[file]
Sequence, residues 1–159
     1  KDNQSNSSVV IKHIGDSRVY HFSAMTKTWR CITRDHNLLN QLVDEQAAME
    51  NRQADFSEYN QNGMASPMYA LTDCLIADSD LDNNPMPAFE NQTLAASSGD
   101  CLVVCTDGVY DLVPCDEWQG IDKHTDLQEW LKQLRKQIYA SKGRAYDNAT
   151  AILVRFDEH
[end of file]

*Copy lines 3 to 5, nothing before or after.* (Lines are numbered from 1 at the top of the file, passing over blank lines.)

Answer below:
    51  NRQADFSEYN QNGMASPMYA LTDCLIADSD LDNNPMPAFE NQTLAASSGD
   101  CLVVCTDGVY DLVPCDEWQG IDKHTDLQEW LKQLRKQIYA SKGRAYDNAT
   151  AILVRFDEH